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Carnival of Quality Management Articles and Blogs

Carnival of Quality Management Articles and Blogs – November, 2017

Welcome to November, 2017 edition of Carnival of Quality Management Articles and Blogs.

Our topic for November, 2017 is Design Thinking.

We had noticed the subject in our previous episode in an article Apply Design Thinking to Quality Practices.

I have exhaustively drawn excerpts from Prem Ranganath’s article The Art of Quality, which states that Design Thinking is an opportunity to humanize quality and continuous improvement.

As may be seen in the above Visual from IDEO as a reference, traditionally quality and continuous improvement initiatives are largely driven by viability and feasibility considerations. Integrating design thinking with improvement initiatives brings the ‘human’ element into focus, by driving conversation on ‘desirability’ of the solutions being proposed for implementation.

This Visual shows the integration of a Design Thinking flow represented by the steps Empathize, Define, Ideate, Prototype and Test with the DMAIC approach for continuous improvement. Integration of design thinking methods adopt a humanized approach to characterizing (challenges and opportunities) current state.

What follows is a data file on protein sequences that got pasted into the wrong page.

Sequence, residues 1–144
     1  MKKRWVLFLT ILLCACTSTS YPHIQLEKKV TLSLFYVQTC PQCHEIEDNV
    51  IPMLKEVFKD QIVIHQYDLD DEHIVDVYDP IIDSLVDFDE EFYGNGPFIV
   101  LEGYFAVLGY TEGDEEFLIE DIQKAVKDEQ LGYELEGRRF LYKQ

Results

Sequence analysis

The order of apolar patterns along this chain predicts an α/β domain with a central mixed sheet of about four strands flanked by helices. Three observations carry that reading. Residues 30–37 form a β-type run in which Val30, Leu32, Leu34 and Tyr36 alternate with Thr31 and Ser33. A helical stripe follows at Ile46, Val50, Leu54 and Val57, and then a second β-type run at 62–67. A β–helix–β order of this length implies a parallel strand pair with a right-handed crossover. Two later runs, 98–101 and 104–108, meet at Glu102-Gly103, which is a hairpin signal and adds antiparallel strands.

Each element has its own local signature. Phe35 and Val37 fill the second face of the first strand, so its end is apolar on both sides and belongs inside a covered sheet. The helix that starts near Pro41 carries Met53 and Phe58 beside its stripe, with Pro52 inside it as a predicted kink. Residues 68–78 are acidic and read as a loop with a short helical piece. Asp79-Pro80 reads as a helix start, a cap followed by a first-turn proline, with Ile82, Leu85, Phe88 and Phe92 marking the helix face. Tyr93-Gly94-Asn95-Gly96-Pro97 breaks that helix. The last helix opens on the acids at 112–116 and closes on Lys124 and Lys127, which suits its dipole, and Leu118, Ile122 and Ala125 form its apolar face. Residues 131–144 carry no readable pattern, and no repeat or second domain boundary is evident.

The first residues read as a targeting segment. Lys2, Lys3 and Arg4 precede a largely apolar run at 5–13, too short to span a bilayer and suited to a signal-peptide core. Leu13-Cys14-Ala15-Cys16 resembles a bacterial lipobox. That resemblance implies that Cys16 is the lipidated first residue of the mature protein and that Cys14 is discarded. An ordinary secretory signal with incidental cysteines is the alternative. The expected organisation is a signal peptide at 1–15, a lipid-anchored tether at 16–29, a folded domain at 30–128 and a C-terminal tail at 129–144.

Design Thinking was popularized by David M. Kelley and Tim Brown of IDEO and Roger Martin of the Rotman School. A very good, short video on the topic was recently published by the Harvard Business Review blog . For a more detailed explanation please read the paper, “Design for Action” written by Brown and Martin.

As stipulated by a paper recently published by Creativity At Work, “Design Thinking is a methodology used by designers to solve complex problems, and find desirable solutions for clients. A design mindset is not problem-focused; it is solution focused and action oriented towards creating a preferred future. Design Thinking draws upon logic, imagination, intuition, and systemic reasoning, to explore possibilities of what could be—and to create desired outcomes that benefit the end user (the customer)”.

The three major stages of Design Thinking are:

  1. Observe customer behavior; define unarticulated needs